Within the Christian tradition, many songs have been sung asserting that “there is power in the name of Jesus.” Along with the belief that you must let Jesus Christ into your hearts in order to be saved, the claim that you can do so by simply calling on the name of Jesus stands as a central pillar in the current evangelical worldview.
In reality, the way this idea is deployed within Christian communities of faith is actually not so simple. For most believers there is an understanding that the “calling on” must be sincere – that the heart must become penitent and open in order for the call to be uttered. Yet within our public sphere, these ideas are flattened. What is propagated is the seemingly simple message that the name of Jesus has “trump power” over every other way to refer and relate to God. This proposition functions to discredit other faiths and asserts that those who name themselves after Jesus Christ have some sort of higher spiritual status. It has a toxic effect on the capacity for real relationships and public conversations across religious lines.
In order to take back the name of God, Christians must take the time to detox from this distortion. Currently, there are a good many Christians who avoid using the name of Jesus — both in interfaith contexts and even within Christian communities — because we are aware that to say Jesus’ name carries all this baggage. That really is not a solution. The distortion must be faced and detoxed.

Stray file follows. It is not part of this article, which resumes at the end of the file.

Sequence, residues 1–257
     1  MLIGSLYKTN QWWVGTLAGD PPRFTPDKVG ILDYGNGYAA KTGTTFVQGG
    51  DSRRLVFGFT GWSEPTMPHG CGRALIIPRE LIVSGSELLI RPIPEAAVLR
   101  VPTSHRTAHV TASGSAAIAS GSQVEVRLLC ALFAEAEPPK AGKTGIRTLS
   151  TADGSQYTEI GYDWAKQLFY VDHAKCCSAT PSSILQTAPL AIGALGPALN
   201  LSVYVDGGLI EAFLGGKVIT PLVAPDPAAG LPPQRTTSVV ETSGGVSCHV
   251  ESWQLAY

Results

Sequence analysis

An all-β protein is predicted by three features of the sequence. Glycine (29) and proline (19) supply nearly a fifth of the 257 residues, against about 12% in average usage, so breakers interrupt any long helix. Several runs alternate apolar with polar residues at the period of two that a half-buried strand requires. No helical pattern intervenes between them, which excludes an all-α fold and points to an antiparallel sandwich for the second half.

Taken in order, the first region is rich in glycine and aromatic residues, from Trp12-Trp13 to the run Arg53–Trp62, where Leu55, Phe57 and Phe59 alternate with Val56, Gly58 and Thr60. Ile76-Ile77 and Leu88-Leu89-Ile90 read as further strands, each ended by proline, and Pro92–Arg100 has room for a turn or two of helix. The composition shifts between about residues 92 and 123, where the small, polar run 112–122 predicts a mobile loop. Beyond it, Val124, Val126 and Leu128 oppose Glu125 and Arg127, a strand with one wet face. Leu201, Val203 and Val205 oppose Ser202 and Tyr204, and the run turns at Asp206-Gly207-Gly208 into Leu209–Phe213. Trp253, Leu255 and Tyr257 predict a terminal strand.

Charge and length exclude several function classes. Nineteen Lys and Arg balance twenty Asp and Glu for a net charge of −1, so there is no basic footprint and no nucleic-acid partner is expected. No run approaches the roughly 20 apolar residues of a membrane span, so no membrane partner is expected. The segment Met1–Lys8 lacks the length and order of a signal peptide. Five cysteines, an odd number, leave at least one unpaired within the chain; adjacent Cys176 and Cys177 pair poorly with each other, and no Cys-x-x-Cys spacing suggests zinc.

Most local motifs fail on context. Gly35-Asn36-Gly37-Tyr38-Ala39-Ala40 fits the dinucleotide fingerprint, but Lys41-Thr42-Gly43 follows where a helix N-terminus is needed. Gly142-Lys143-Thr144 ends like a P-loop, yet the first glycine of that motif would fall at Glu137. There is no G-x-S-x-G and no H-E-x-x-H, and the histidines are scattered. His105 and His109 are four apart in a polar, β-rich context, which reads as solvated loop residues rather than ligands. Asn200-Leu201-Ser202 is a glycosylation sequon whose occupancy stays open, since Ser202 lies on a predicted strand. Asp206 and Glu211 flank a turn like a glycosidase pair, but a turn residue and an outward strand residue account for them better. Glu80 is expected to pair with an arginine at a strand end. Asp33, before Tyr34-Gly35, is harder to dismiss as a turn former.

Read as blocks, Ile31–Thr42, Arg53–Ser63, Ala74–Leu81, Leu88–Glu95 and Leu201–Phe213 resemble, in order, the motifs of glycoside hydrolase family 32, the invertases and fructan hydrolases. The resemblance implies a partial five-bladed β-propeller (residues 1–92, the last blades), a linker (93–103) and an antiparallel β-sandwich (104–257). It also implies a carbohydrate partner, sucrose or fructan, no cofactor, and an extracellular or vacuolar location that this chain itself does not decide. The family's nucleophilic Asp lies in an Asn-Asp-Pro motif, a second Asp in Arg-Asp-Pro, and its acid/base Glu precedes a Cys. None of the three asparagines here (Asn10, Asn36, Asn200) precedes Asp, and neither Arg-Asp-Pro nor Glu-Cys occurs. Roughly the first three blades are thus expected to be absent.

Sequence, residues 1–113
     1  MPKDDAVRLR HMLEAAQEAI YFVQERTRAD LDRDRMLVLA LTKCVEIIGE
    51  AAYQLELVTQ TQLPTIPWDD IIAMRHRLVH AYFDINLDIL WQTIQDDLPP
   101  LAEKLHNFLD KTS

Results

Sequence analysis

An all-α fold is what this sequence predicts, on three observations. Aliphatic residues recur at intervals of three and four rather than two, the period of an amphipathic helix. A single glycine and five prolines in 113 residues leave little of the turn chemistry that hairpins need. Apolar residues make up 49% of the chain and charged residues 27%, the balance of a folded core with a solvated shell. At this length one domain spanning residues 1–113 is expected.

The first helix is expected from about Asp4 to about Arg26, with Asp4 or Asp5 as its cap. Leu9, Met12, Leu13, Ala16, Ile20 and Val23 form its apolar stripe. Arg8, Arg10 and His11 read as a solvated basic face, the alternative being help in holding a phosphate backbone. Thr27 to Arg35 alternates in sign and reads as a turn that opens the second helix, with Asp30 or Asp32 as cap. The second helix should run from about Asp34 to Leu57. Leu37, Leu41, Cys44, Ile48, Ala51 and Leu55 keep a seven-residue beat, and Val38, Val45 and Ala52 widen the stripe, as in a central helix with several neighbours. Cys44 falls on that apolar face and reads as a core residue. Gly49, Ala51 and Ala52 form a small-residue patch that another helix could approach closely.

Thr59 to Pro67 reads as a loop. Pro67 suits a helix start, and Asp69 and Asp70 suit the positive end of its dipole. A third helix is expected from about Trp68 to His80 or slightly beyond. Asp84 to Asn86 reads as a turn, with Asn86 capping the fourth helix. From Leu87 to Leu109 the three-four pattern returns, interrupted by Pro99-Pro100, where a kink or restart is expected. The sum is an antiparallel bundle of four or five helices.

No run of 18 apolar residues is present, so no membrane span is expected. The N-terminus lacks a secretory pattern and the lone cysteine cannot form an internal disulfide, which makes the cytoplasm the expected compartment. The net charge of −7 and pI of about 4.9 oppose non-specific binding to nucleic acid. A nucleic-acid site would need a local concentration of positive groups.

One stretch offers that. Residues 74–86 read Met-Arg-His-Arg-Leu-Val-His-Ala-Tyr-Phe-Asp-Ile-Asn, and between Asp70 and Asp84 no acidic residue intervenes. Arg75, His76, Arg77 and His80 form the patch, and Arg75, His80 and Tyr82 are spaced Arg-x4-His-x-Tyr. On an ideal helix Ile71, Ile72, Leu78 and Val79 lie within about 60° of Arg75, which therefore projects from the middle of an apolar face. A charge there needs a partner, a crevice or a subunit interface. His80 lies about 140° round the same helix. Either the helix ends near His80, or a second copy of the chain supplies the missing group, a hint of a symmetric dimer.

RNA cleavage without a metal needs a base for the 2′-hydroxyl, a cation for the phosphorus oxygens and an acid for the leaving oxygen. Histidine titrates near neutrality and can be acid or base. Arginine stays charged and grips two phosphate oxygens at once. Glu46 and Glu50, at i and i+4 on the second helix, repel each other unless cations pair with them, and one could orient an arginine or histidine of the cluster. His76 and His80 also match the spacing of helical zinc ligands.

What is detoxing?
Before I make an effort to do that, let me first explain what I mean by “detox.” At the Center and Library for the Bible and Social Justice, we have for the past two years undertaken a Lenten discipline called “Bible Detox.” By working with texts and textual themes that have been used to perpetuate various forms of oppression or violence, we seek to support collective healing of our relationship with the Bible and a strengthening of our capacity to discern and reclaim the Bible to support our movements for justice and peace.
We have not tried to impose a common form on this detoxing process. However, as the experiment has unfolded, I have taken note of several strategies that we tend to call upon.
1. We name the specific ways that scriptures or scriptural themes have been used to cause harm.
2. We seek to understand each story or theme within the socio- historical context from which it originated.
3. We notice who we tend to identify with in the story or theme, and why.
4. We intentionally seek to experience that story or theme through a different person’s lens.
Not all of these strategies are needed to make progress on detoxing a text, but all of them should be considered as “tools in the toolbox” for this work. In this article I am going to concentrate on first and second strategies.
Let us consider how these strategies can inform our reckoning with the way the name of Jesus has accumulated toxicity in our public square today.